Elevated Mercury Levels Found in Fish and Waters Throughout Indiana
Mercury contamination in water and fish throughout Indiana has routinely exceeded levels recommended to protect people and wildlife. About one in eight fish samples tested statewide had mercury levels that exceeded the recommended safety limit for human consumption. The causes include mercury in the rain and mercury going down the drain, according to a recently released federal study.
The most significant source of mercury to Indiana watersheds is fallout from the air, much of which comes from human activity. In Indiana, coal-burning power plants emit more mercury into the air each year than does any other human activity. In urban areas, wastewater discharge contributes a substantial portion of mercury to waterways.
These are among the key findings of a comprehensive study of mercury in the state’s watersheds during the past decade by the U.S. Geological Survey in partnership with the Indiana Department of Environmental Management.
“Indiana has been a national leader in understanding its mercury problems through a long-term statewide network of monitoring,” said USGS hydrologist Martin Risch, who led the study. “Actions by the IDEM provided data about mercury in fish and wastewater. Our understanding of mercury would not have been possible without their cooperation.”
During the study, scientists examined mercury in water, fish, precipitation, dry fallout and wastewater to determine the causes and effects of mercury moving through the environment. They also examined landscape characteristics, precipitation and streamflow for a total of more than 380,000 data that provide a snapshot of mercury in Indiana.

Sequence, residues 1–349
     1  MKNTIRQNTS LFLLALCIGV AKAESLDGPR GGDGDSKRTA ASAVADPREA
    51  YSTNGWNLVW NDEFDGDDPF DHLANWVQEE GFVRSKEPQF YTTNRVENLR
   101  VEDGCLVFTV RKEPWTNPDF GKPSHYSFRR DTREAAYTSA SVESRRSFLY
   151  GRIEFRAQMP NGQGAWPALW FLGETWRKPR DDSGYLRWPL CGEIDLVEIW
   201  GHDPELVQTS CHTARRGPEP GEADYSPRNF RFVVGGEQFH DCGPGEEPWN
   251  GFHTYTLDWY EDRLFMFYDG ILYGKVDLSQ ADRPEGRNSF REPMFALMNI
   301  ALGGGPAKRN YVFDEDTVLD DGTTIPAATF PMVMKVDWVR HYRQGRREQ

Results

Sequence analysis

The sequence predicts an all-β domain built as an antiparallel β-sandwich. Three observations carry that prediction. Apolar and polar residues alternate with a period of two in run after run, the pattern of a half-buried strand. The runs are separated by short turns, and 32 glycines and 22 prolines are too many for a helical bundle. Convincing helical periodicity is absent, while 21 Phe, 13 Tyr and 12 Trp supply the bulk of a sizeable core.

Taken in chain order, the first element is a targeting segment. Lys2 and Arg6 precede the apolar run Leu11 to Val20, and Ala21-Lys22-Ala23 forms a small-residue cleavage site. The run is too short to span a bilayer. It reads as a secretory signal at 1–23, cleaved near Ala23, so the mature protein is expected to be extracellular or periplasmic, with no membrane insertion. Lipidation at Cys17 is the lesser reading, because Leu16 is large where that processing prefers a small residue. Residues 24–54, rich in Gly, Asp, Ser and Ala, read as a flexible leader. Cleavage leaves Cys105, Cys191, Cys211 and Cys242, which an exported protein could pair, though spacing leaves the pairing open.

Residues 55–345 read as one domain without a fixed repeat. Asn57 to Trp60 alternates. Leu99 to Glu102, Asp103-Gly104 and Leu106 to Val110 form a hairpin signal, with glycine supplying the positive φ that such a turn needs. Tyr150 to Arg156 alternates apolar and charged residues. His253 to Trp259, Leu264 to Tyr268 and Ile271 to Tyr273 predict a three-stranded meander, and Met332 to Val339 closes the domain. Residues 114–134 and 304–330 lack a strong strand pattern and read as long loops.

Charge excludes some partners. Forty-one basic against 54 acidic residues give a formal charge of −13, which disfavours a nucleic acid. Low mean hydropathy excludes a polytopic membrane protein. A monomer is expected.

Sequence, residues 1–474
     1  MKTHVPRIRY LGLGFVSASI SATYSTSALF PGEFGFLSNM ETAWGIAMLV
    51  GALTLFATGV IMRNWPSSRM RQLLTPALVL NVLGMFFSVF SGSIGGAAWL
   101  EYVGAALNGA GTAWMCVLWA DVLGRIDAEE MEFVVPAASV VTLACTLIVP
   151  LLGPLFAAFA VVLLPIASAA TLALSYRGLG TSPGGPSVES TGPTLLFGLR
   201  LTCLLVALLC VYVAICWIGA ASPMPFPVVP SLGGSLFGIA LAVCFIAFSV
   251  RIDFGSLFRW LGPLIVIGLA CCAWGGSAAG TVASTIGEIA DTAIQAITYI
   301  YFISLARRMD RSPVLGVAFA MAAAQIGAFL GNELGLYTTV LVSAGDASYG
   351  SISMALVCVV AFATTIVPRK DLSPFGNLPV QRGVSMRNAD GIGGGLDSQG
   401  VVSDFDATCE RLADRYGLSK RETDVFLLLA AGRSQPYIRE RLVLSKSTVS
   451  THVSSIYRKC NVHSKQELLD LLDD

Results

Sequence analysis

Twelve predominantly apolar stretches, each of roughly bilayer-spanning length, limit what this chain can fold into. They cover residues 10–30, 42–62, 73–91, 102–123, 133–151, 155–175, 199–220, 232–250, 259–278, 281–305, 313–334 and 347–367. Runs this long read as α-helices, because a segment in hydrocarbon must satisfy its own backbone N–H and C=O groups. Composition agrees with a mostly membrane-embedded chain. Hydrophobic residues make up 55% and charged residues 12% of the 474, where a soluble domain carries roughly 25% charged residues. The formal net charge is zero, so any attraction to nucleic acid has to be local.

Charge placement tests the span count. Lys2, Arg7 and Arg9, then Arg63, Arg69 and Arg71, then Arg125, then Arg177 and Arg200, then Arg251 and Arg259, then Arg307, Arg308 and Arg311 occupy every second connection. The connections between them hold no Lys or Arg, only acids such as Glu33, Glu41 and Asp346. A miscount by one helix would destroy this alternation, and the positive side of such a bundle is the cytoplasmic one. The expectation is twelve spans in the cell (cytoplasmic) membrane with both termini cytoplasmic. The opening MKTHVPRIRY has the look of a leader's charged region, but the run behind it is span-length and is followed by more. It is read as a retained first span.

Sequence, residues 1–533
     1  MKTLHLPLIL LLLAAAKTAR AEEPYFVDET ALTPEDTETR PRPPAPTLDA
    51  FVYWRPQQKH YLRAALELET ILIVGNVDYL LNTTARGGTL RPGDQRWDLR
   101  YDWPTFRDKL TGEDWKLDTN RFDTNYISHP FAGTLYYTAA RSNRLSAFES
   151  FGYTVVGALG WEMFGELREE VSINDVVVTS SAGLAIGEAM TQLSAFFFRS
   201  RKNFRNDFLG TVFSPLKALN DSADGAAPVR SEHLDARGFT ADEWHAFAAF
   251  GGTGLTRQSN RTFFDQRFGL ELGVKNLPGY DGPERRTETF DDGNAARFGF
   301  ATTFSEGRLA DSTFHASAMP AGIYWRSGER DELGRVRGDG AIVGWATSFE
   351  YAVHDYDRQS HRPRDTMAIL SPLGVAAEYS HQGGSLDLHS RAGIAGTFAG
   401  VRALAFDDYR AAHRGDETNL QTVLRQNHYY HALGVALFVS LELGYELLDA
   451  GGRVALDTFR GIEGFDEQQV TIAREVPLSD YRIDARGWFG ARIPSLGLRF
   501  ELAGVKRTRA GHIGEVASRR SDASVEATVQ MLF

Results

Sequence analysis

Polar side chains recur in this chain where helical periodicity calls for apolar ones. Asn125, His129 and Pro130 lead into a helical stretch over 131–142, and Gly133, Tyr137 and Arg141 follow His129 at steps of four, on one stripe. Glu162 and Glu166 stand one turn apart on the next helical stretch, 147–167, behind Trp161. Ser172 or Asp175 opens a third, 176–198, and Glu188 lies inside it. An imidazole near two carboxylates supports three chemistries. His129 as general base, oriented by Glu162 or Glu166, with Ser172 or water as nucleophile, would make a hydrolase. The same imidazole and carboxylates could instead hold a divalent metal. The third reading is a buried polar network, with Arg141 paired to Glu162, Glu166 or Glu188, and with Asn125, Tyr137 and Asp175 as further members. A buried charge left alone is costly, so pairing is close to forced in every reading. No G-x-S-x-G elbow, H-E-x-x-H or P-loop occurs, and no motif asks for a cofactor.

“The amount of mercury in precipitation was the main factor affecting mercury levels in the state’s watersheds,” Risch said. “But wastewater discharge can be a significant source of mercury. When wastewater is delivered to a stream from hundreds of discharge pipes, it increases mercury levels in watersheds more than was previously recognized,” he said.
Mercury was detected in 96 percent of the wastewater discharge samples from public treatment facilities in this study. Mercury in wastewater samples typically exceeded criteria set to protect people and wildlife. Higher numbers of discharge pipes in a watershed were linked to higher levels of mercury in the streams.
As a consequence, water from the White River near Indianapolis had some of the highest mercury concentrations and carried some of the highest levels of mercury found statewide. The White River and Fall Creek near Indianapolis had high percentages of fish with mercury levels above the safety standard.
The Patoka River watershed in southern Indiana had the highest rate of mercury dry deposition. Mercury concentrations measured in air samples led scientists to estimate more mercury was dry deposited to this watershed in an average year than was deposited by rain. This watershed contains the most forest land. Forest canopies act as a trap for mercury in the air.
For southeastern Indiana, an innovative mapping technique helped scientists to learn that watersheds there received average annual inputs of mercury from precipitation that were the highest in the state.
Water draining from reservoirs in this study had significantly higher percentages of mercury converted to methylmercury than water from streams without dams. Dams can trap mercury transported by suspended particles in streams. Once the particulate mercury settles in the lake or reservoir behind the dam, natural processes change some of it to methylmercury, a toxin that accumulates in organisms throughout their life. Methylmercury levels are amplified up the food chain and reach high levels in some sport fish and in fish that serve as food for wildlife.